The invention is directed to an electrical switching device, adapted to be controlled through control signals in control wiring, with the device including separable contacts; a mechanism for opening and closing the separable contacts; a first terminal mechanism for interfacing the control signals to the mechanism for opening and closing the separable contacts; a surge suppressor circuit for suppressing a surge associated with the control signals, with the surge suppressor circuit including a second terminal mechanism for engaging the first terminal mechanism and interfacing the control signals thereto; and a mechanism for interfacing the control signals in the control wiring to the surge suppressor circuit.

As another aspect of the invention, an electrical switching device, adapted to be controlled through control signals in control wiring, includes separable contacts; a mechanism for operating the separable contacts; a first terminal mechanism for interfacing the control signals to the mechanism for operating the separable contacts; a modular surge suppressor circuit at least for suppressing a surge associated with the control signals, with the modular surge suppressor circuit including a second terminal mechanism for engaging the first terminal mechanism and interfacing the control signals thereto, and also including a third terminal mechanism for interfacing the control signals to the second terminal mechanism; and a modular terminal block mechanism for engaging the control wiring and interfacing the control signals to the third terminal mechanism.

As a further aspect of the invention, a motor starter, which is adapted to be controlled through control signals in control wiring, includes an electrical contactor mechanism including separable contacts and an operating mechanism for opening and closing the separable contacts; an overload relay mechanism operatively associated with the electrical contactor mechanism for controlling the operating mechanism using the control signals; a first terminal mechanism for interfacing the control signals to the overload relay mechanism; a modular surge suppressor circuit at least for suppressing a surge associated with the control signals, with the modular surge suppressor circuit including a second terminal mechanism for engaging the first terminal mechanism and interfacing the control signals thereto, and also including a third terminal mechanism for interfacing the control signals to the second terminal mechanism; and a modular terminal block mechanism for engaging the control wiring and interfacing the control signals to the third terminal mechanism.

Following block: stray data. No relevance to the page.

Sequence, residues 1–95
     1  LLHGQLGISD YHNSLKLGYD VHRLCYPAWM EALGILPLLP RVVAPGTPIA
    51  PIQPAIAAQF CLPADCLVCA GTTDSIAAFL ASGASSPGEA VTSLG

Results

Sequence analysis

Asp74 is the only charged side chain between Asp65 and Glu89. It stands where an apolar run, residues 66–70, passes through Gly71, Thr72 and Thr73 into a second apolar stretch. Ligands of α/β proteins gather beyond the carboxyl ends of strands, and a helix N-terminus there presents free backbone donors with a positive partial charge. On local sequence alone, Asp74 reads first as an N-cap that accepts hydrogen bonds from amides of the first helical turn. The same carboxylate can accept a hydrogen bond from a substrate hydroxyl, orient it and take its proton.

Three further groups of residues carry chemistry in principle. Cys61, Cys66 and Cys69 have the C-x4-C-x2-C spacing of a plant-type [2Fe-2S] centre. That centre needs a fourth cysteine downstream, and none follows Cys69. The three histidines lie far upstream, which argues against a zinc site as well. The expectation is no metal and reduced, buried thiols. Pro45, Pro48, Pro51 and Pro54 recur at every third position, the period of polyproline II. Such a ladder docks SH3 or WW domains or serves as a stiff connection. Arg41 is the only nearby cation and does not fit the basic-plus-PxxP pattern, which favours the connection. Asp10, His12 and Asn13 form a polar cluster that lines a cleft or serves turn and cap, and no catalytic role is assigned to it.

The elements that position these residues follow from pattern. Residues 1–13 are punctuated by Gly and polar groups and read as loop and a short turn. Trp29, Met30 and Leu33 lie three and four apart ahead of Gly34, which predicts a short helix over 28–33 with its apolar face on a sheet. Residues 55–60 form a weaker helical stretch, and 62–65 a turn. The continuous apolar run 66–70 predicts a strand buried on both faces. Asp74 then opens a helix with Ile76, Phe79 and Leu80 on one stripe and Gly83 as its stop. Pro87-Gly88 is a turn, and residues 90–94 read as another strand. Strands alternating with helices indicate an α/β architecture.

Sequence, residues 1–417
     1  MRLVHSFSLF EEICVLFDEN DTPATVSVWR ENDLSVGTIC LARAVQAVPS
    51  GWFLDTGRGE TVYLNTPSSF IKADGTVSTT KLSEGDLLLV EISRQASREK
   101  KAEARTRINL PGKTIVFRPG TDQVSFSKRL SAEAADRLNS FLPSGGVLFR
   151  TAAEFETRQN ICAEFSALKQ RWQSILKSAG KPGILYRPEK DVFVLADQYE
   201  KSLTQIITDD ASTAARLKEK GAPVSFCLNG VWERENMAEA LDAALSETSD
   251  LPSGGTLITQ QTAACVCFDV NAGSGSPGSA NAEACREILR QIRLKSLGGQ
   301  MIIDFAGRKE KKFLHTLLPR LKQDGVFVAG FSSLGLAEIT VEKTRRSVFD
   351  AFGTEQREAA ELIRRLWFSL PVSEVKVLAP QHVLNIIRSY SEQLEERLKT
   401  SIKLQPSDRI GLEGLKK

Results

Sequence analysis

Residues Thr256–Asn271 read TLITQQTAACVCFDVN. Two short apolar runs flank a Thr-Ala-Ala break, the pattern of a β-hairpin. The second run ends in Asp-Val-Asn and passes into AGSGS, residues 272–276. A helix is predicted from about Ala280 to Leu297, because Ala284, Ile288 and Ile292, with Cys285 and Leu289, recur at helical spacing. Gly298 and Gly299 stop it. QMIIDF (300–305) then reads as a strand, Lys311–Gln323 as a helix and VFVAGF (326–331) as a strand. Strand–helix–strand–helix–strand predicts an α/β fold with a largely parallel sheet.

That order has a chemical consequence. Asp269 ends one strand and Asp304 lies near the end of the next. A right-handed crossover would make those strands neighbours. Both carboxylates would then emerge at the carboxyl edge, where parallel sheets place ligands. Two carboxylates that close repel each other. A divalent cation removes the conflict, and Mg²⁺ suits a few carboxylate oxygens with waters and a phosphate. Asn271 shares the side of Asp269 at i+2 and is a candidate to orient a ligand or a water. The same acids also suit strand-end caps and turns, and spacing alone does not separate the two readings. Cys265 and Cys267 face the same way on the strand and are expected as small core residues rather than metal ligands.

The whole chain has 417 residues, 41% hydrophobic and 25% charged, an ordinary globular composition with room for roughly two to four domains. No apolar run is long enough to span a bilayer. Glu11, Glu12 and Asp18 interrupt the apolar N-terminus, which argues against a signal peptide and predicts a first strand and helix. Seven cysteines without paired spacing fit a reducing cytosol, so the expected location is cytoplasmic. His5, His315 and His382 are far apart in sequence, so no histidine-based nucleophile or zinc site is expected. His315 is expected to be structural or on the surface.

It is an object of the present invention to provide a modular surge suppressor which can be installed without hand wiring.

BRIEF DESCRIPTION OF THE DRAWINGS

A full understanding of the invention can be gained from the following description of the preferred embodiment when read in conjunction with the accompanying drawings in which:

FIG. 1 is an isometric view of a modular contactor, overload relay, surge suppressor and terminal block in accordance with the invention;

FIG. 2 is an isometric view of the modular contactor, overload relay and surge suppressor of FIG. 1;

FIG. 3 is an isometric view of the modular contactor, overload relay and terminal block of FIG. 1;

FIG. 4 is an isometric view of the modular contactor and overload relay of FIG. 1;

FIG. 5 is a block diagram and schematic of the interface to the terminal block and surge suppressor of FIG. 1;

FIG. 6 is an exploded isometric view of the surge suppressor and terminal block of FIG. 1;

FIG. 7 is in isometric view of the surge suppressor and terminal block of FIG. 6 shown engaged;

FIG. 8 is an isometric view of a cover of the surge suppressor of FIG. 1;

FIG. 9 is an isometric view of a base of the surge suppressor of FIG. 1;

FIG. 10 is an isometric view of a printed circuit board assembly for the surge suppressor of FIG. 1; and

FIG. 11 is a schematic of the printed circuit board assembly of FIG. 10 and the interface to an electrical switching device.

DESCRIPTION OF THE PREFERRED EMBODIMENT

As employed herein, the term "control signals" shall expressly include, but not be limited to control voltages, control currents and/or other electrical control signals.